Last year, the world built more new solar capacity than every other power source combined. Solar is now growing much faster than any other energy technology in history. How fast? Fast enough to completely displace fossil fuels from the entire global economy before 2050, says Andrew Blakers, Professor of Engineering, Australian National University.
Total solar capacity tipped over 1 terawatt (1,000 gigawatts) for the first time last year. The sector is growing at around 20 percent a year, and has been for decades. If this continues, we’ll hit 6 terawatts around 2031. In capacity terms, that would be larger than the combined total of coal, gas, nuclear and hydro.
Fewer and fewer new fossil fuel power stations are now being built. As the rest of the global fleet age, most will retire by mid-century.
By 2050, Earth will have a population of about 10 billion people. To supply everyone with enough electricity to live a good life, Professor Blakers calculates that we will need about 200 billion megawatt-hours per year (equal to 200,000 terawatt-hours per year). So, if solar does the heavy lifting for decarbonisation, completing two-thirds of the task with the remaining one-third left to wind, hydro and everything else put together. Is it possible?
Yes, says Professor Blakers. If sustained, solar’s growth rate of 20 percent per year is easily fast enough to reach 80 terawatts of installed capacity by 2050 - enough to provide 130,000 terawatt-hours per year and (with help from wind) to entirely decarbonise an affluent world.
As well as eliminating most greenhouse emissions, we will also get rid of car exhausts, smokestacks, urban smog, coal mines, ash dumps, oil spills, oil-related warfare and gas fracking. And all enjoy breathing cleaner air.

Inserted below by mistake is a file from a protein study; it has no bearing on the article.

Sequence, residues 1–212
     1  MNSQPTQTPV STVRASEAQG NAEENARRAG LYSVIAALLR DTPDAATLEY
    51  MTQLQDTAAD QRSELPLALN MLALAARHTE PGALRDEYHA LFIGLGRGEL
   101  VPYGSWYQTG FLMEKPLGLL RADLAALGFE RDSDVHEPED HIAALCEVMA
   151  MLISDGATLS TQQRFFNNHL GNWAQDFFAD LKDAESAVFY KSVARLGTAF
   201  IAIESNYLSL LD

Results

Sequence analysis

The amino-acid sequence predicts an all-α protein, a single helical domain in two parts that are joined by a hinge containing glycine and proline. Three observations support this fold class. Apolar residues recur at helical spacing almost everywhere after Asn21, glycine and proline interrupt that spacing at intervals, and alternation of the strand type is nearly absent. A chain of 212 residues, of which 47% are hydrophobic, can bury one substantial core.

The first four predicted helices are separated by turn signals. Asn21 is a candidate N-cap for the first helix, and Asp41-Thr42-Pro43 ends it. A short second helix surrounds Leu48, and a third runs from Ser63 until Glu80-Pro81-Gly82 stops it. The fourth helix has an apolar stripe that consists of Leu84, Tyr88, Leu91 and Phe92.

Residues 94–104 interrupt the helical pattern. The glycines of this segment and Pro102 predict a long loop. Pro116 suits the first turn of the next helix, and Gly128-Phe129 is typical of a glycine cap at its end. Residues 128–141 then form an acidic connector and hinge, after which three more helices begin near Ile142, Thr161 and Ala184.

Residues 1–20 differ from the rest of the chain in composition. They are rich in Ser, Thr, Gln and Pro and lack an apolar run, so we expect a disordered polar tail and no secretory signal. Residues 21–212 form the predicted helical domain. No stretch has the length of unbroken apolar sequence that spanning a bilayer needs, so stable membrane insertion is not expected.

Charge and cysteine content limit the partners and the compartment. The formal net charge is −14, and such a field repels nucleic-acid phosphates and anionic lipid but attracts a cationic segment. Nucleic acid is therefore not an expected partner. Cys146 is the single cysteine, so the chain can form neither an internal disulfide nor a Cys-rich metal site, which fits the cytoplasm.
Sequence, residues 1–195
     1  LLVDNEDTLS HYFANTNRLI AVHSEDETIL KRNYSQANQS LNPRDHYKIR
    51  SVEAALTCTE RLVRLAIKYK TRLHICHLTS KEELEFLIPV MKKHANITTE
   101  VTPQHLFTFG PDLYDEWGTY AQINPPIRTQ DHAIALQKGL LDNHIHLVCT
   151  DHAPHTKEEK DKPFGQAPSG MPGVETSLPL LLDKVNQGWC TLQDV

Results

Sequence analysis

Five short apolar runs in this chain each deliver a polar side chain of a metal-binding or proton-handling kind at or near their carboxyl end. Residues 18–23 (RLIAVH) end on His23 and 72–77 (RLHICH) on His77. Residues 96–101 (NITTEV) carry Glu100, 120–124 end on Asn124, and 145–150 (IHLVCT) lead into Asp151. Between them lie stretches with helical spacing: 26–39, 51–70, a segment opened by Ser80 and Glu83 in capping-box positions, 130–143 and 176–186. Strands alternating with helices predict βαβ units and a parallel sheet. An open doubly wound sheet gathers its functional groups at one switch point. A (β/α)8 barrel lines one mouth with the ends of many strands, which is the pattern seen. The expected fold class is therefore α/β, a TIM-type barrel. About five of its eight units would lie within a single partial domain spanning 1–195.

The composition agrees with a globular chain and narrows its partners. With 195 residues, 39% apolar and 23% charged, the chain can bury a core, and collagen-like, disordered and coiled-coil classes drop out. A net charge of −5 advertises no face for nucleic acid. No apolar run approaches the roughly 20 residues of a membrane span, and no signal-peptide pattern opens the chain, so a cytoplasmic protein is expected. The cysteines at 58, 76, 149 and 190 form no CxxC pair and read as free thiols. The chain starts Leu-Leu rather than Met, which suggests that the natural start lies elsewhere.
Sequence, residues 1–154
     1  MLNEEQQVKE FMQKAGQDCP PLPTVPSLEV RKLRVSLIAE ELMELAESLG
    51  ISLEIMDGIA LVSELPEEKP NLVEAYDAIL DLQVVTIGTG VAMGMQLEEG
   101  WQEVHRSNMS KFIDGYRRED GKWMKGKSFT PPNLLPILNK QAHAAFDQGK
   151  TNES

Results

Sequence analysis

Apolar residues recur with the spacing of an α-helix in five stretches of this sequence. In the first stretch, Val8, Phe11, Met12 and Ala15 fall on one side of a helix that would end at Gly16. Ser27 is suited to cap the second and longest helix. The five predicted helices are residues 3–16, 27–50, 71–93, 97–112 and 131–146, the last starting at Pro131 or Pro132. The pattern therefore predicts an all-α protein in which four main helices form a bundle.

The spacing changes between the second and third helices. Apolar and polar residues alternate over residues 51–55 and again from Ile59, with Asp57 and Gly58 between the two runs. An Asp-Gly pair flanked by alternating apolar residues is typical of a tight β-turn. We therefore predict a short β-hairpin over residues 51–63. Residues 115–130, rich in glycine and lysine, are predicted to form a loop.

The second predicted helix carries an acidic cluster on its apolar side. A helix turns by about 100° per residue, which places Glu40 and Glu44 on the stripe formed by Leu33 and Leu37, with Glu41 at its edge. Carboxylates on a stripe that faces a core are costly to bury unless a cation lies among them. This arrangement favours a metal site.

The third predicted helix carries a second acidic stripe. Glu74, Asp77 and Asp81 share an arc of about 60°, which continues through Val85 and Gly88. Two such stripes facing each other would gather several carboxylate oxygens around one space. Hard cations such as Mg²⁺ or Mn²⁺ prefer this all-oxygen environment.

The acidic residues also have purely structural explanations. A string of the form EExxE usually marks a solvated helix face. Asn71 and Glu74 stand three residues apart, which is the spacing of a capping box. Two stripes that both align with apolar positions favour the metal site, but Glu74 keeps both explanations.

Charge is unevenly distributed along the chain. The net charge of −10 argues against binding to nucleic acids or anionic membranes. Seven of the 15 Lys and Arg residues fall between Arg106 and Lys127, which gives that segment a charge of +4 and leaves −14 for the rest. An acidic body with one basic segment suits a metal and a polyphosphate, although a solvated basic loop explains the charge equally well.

Most countries have vastly more solar and wind resources than needed to be energy self-sufficient. This, in turn, will boost their resilience in the face of war, pandemics and the changing climate. Solar offers cheap, unlimited energy, available forever with minimal resource, environmental and social constraints.
Wisely, Professor Blakers has only zoomed in on existing technology for his calculations, but it's perfectly possible that a new technology to help power the world - like clean fusion - will ride across the horizon to help us out. After all, Washington-based fusion power startup Helion has just signed the world's first fusion power supply deal, promising to deliver Microsoft at least 50 megawatts of clean fusion power by 2028.
And let's not forget perovskite. This crystalline material in solar panels has quickly shot up the ranks from under 4 percent efficiency in 2009 to over 25 percent by 2021 to rival silicon, and it’s not done yet. When the two materials are forced to work together, they achieve even better results, with efficiencies recently reaching well over 30 percent. No doubt, efficiencies will continue to rise in coming years.
However, Professor Blakers points there's a potential short term fly in the ointment. The world needs to ensure that it is building enough transmission lines - and that we have enough engineers and installers.